When mouthwatering Indonesian cuisine and romance are on the table, “Aruna & Her Palate” is a bouncy crowd-pleaser. Less tasty is the backdrop of a suspected bird flu outbreak that brings a food-loving epidemiologist into contact with her secret crush. Adapted from Laksmi Pamuntjak’s 2014 novel “The Bird Woman’s Palate,” “Aruna” manages to overcome its [...]

  • 'Duke' Review: Two Fake Cops Patrol

    Film Review: 'Duke'

    If you can envision “Let’s Be Cops” reconstituted as a noirish psychodrama, you may be adequately prepared for “Duke,” an uneven but arresting indie thriller about two siblings who are driven to heroic extremes by childhood traumas. Co-directed by twin brothers James and Anthony Gaudioso, who also appear in strikingly different supporting roles, the film [...]

  • A still from Sea of Shadows

    Sundance Film Review: 'Sea of Shadows'

    It’s a decidedly grim circle of life that moves us all in “Sea of Shadows,” a tight, troubling documentary eco-thriller that charts a compelling course of consequence from Chinese black-market apothecaries to the near-extinction of a rare whale in the Sea of Cortez, hitting on Mexican crime cartels and institutional corruption along the way. Austrian [...]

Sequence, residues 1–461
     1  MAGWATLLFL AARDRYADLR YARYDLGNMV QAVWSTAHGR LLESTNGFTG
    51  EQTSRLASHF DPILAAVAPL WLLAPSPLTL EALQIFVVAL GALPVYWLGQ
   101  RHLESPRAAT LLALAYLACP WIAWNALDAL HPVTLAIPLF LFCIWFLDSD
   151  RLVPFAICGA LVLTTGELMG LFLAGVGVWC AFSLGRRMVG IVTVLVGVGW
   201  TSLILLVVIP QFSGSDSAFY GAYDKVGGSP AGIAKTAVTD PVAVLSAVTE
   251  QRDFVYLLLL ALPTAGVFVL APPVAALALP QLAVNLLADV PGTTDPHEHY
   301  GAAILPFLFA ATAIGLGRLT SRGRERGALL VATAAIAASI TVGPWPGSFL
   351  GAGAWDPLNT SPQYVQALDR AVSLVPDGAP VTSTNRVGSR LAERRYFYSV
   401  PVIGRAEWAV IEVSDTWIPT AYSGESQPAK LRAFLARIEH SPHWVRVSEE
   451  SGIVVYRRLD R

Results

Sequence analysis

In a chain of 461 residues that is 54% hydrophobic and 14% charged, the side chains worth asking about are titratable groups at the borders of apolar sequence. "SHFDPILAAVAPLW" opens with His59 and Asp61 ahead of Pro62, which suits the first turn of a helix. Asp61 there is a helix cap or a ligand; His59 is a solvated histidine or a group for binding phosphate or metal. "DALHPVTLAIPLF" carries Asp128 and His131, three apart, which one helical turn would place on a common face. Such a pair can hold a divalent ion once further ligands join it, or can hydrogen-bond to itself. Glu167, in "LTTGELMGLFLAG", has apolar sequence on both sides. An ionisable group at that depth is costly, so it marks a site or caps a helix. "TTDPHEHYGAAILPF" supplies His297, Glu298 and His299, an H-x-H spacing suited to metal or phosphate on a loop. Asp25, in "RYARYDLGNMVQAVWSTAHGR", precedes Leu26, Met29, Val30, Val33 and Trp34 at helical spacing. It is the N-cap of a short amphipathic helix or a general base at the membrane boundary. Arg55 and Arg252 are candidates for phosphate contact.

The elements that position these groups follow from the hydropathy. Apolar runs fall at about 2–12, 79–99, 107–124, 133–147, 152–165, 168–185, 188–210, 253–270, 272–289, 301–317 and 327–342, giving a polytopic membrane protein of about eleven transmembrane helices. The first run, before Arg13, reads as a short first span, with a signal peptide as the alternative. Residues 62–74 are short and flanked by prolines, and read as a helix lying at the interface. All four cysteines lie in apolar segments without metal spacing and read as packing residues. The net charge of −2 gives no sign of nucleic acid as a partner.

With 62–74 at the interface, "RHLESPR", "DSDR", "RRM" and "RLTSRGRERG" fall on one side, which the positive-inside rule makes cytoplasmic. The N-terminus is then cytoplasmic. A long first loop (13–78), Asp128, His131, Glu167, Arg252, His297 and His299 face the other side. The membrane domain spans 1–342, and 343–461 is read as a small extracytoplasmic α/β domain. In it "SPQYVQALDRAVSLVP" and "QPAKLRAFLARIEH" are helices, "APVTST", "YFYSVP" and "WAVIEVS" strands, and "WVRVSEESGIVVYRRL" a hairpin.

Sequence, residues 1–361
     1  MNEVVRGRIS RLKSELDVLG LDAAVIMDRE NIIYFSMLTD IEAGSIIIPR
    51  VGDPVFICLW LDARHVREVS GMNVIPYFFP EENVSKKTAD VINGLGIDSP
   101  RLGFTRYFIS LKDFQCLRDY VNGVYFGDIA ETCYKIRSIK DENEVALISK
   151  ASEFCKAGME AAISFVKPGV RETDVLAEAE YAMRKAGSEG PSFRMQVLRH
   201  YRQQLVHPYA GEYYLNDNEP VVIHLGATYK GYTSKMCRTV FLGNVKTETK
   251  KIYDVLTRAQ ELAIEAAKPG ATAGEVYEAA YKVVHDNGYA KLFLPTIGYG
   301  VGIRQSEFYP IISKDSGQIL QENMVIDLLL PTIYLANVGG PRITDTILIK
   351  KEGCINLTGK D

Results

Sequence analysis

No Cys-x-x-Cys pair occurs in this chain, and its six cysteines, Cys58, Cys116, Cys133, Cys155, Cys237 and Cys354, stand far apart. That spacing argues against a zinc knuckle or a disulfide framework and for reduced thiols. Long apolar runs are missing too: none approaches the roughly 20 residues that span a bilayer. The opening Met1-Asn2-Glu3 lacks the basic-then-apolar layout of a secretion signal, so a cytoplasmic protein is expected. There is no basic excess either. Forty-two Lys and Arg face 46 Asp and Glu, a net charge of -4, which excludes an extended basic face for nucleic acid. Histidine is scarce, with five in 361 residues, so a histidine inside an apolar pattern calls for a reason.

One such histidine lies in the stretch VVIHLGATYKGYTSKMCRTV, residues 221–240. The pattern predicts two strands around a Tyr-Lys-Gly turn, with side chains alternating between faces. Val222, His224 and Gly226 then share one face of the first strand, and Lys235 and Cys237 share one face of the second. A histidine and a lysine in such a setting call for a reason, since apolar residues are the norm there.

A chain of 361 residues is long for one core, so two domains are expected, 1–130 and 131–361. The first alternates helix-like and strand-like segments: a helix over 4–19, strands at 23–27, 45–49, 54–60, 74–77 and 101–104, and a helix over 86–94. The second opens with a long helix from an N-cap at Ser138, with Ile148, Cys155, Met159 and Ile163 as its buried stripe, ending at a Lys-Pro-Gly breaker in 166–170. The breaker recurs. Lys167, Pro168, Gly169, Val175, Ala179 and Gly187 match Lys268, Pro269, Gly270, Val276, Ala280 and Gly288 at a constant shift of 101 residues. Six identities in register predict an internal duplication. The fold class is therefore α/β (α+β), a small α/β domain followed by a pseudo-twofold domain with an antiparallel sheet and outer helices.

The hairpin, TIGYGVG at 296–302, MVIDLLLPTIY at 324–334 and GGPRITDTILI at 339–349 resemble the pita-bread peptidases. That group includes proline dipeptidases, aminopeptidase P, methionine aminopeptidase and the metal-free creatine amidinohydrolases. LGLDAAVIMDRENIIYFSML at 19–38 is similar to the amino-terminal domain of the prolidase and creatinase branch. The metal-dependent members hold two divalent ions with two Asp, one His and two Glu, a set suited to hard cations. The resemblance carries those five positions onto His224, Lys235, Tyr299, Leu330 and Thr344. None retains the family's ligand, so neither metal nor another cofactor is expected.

• My Extraordinary Summer With Tess review

    Film Review: 'My Extraordinary Summer With Tess'

    Winner of a special mention from the Berlinale Generation KPlus’ adult jury, the family-friendly, light drama “My Extraordinary Summer With Tess” is straightforward youth cinema with surprising emotional depth. Based on a prize-winning novel by Anna Woltz, a beloved Dutch writer of work for young readers, it explores family relationships and emphasizes the importance of [...]

  • Ghost Fleet review

    Film Review: 'Ghost Fleet'

    The revelatory documentary “Ghost Fleet” condemns the modern-day slave labor fueling the Thai fishing industry while focusing on the work of Bangkok-based advocacy organization Labor Rights Promotion Network Foundation (LPN), a group dedicated to ending slavery at sea. Combining chilling testimony from formerly enslaved men, some wincingly arty recreations of their ordeals, and on-the-ground footage [...]

More From Our Brands

Access exclusive content